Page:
UCOL says it remains focused on providing certainty to students after Education Minister Chris Hipkins' proposed reform of vocational education.

Hipkins announced last week that a new national body will take over New Zealand's 110,000 polytechnic students and 140,000 apprentices and industry trainees.

The proposed NZ Institute of Skills and Technology will take over programme design and administration for all campuses of 16 separate polytechnics.

That includes the Universal College of Learning (UCOL) which has campuses in Palmerston North, Whanganui, Levin and Masterton.

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The plan was designed to avert a crisis which saw many polytechnics slide into deficits due to a 19 per cent slump in domestic enrolments between 2010 and 2017 as the job market lured young people straight into jobs instead of training.

UCOL reports that despite polytechnics being under-funded, they have improved their educational performance and produced successive surpluses in 2017 and 2018.

Chief executive Dr Amanda Lynn is confident in UCOL's ability to engage in the minister's reform process.

"With the focus on life-long learning, UCOL has almost 180,000 potential students available to us and we are committed to meeting the needs of our regions," Lynn said.

"We are looking forward to the minister showing his commitment to life-long learning and retraining by investing in our people as we continue our innovation and construct a leading 21st century training provider."

The proposed changes are far more radical than any of the options discussed in consultation with the sector last year.

Hipkins stated in a Cabinet paper that "change on this scale will be disruptive" and has allowed a six-week consultation period ending on March 27.

He says disruption to students, apprentices and trainees will be minimised by "a carefully managed, phased transition plan".

UCOL chairman Ben Vanderkolk said the reform process provides UCOL with opportunities for both students and industry.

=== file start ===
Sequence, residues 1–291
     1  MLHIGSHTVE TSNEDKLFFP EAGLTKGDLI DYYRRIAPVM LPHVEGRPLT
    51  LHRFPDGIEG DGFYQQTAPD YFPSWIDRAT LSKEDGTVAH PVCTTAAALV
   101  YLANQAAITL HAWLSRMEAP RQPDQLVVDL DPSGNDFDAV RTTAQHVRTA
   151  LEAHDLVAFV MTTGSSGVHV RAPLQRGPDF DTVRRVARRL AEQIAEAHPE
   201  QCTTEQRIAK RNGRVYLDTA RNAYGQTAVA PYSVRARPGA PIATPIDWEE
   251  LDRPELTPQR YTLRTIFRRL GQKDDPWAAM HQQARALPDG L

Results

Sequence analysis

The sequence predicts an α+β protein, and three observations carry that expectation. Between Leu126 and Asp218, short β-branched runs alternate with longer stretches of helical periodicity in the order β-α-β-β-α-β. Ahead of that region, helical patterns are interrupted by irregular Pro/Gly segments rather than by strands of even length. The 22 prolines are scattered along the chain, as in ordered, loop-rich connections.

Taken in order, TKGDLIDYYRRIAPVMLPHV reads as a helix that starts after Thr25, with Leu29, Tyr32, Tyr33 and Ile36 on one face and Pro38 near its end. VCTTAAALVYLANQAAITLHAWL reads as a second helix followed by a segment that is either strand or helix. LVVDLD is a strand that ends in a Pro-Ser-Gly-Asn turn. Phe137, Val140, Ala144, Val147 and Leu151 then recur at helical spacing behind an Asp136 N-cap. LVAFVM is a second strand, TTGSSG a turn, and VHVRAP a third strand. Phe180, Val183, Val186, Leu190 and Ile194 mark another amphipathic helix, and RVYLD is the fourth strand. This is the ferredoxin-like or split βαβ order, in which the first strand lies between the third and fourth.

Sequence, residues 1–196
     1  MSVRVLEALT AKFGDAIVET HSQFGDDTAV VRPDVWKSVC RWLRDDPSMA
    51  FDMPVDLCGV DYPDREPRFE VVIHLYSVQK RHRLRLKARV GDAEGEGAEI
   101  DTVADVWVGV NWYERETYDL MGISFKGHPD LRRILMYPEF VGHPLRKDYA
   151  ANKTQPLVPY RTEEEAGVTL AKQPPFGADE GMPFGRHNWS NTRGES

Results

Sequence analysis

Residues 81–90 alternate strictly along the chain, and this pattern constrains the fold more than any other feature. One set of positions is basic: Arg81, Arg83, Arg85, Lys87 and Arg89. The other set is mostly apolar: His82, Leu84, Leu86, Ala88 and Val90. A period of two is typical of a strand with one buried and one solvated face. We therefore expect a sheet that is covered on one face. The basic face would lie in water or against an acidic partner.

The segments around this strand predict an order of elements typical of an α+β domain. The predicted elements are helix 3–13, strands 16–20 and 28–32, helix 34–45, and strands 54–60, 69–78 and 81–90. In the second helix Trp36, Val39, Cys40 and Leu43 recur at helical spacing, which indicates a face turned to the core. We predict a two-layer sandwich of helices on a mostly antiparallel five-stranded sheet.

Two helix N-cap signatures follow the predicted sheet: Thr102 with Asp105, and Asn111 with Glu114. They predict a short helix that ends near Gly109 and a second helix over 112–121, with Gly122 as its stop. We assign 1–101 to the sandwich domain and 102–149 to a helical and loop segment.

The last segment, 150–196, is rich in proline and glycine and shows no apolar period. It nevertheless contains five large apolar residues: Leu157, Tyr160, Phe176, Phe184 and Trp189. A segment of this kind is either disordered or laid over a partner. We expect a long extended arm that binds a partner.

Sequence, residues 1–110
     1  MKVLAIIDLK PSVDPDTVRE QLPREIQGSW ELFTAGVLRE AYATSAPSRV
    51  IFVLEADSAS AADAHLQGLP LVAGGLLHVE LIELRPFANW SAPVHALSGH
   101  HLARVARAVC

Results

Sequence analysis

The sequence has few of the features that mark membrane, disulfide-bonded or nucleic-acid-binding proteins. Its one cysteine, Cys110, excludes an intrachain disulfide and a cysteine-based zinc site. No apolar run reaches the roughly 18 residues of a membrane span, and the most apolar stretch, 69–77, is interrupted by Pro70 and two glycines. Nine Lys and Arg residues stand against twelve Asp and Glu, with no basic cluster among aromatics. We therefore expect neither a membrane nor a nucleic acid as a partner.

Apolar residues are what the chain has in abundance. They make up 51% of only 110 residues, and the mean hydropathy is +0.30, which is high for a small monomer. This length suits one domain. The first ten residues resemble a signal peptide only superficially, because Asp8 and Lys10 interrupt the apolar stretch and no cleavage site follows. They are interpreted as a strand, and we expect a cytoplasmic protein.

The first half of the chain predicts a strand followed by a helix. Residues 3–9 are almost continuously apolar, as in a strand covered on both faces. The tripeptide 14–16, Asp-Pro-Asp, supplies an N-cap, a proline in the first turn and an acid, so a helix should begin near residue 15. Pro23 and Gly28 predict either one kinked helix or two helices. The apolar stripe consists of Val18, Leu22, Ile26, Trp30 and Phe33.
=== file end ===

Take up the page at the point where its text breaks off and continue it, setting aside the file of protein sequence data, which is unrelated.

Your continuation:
"We welcome the opportunity to reach out to and work closely with Industry Training Organisations," Vanderkolk said.

"We are engaging in consultation and innovating to ensure we provide ever-greater value to our rohe economy."

There is no indication in the Cabinet paper or Hipkins' press release that any of the existing polytechnic campuses will be closed.

"Collaboration is vital, change is inevitable and this requires pace and agility," Vanderkolk said.

"We are confident of our ability to adapt and to achieve the highest NZQA Category 1 status, delivering quality vocational skills and training to higher numbers of students and being valued as an industry partner."

All details of financial implications have been deleted from the published version of the Cabinet paper apart from a line acknowledging: "Investment will be required to support the proposed vocational reforms."

Hipkins said there could be "further costs in future as a result of these change proposals", but added there would have been costs if polytechnics were left unchanged.

"We want to see a structure and funding system that truly enables learner-centric organisations," Lynn said.

"We want our staff to have quality jobs, with good pay and secure tenure, where they feel valued by the organisation and by the nation."

Polytechnics employed 12,960 people in 2017, equivalent to 8150 fulltime staff.

Hipkins acknowledged there could be job losses, but said it was irresponsible to speculate how many.

He said those whose jobs would be affected would be offered the chance to retrain and a long timeframe for implementation meant nobody was going to wake up and suddenly find themselves without a job.

The proposed NZ Institute of Skills and Technology could be in place by the start of next year.